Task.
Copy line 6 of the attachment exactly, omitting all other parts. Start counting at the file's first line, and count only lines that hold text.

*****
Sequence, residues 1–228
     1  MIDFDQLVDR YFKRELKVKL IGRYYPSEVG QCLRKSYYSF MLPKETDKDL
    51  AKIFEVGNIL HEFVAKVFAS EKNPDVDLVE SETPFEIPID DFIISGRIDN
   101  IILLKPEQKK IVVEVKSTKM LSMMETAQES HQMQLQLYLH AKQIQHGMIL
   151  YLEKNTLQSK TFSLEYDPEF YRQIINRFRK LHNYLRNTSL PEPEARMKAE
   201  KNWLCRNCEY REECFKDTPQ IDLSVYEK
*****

   201  KNWLCRNCEY REECFKDTPQ IDLSVYEK